Wind tunnel measurement techniques have developed immensely over the years. In the early days, we could only measure the wind-induced displacements of the model, which was recorded on paper to document how the bridge would move and become unstable in the wind.
Pen recorders were important tools to document whether aerodynamic instability would occur and at what wind speed. However, the traditional measurement techniques do not provide insight to what we really want to know - how the aerodynamic loads are distributed and interplay with the motions of the bridge deck.
By looking further into the Tacoma Narrows Bridge collapse, we have gained valuable insights into the potentially devastating impact of the wind, which again has created a need for new and more advanced wind tunnel test technology.
Sensor-technology will improve determination of aerodynamic stability
Present day solid-state and computer technology have provided tiny pressure sensors, which we can use for measurement of instantaneous pressures in real time. This gives us a detailed map of how the wind forces fluctuate on the model bridge deck.
Based on this information, we can now change our designs to counteract undesirable pressure maps and minimise the destabilising aerodynamic forces.
This is an enormous advantage and indeed a new technology, which has developed over the last 20 years, paving the way for longer and more stable suspension bridges.
World’s longest suspension bridge tested to withstand a full-scale wind speed of 90 m/s
Recently, we wind tested a full aeroelastic model of a planned world record suspension bridge in a 22 m wide wind tunnel at RCWE, Chengdu, China. With a main span of 2,023 meters, it will become the world’s longest suspension bridge.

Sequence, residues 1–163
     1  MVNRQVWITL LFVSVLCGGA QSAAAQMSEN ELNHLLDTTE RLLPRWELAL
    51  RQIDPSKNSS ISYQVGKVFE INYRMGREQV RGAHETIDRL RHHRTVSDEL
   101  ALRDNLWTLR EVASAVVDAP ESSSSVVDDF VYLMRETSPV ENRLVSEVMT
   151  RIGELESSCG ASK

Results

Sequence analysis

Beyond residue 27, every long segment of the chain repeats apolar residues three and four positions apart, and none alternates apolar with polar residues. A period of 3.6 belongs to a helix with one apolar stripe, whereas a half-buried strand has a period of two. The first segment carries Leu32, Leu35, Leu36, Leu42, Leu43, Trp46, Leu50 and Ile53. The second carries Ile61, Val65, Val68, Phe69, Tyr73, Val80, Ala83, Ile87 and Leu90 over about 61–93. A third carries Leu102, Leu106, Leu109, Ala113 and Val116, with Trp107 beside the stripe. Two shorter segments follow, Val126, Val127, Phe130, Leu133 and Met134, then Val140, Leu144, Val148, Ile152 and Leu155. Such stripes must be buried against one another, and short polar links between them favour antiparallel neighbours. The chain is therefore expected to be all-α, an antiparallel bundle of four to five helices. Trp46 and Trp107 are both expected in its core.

The most important result of the tests is that the bridge will sustain winds in excess of 90 m/s due to the twin-girder design of the bridge deck.
Is experimental proof of aerodynamic stability up to 90 m/s adequate you may ask? Indeed it is!
The highest wind speed ever recorded is a 3 second gust of 113 m/s at Barrow Island, Australia in 1996 during tropic cyclone Olivia. A 3 second gust is much too short to excite a large suspension bridge into motion having oscillation periods at the order of 10 to 20 seconds.
A rough but conservative estimate of the corresponding sustained (mean) wind speed would be about 30% less equal to 87 m/s. Thus, it is a fair claim that the world’s longest suspension bridge has been experimentally proven to be able to stand up to any storm wind this world may throw at it.
As the wind engineer for this magnificent bridge, I am proud that we achieved full-scale wind speed of 90 m/s without encountering signs of aerodynamic instability – indeed a triumph for suspension bridge engineering.
Suspension bridge towers are frequently built from reinforced concrete for economic reasons but the 318 m tall towers of this record span will be made from steel to secure sufficient earthquake resistance. Steel works great for earthquake resistant designs, but from an aerodynamic point of view, the bridge towers become very light and flexible.
Without mitigating measures, the tower legs would literally start to swing from side to side in strong winds, causing aerodynamic instability – or "bounce". This is any bridge engineer's worst nightmare.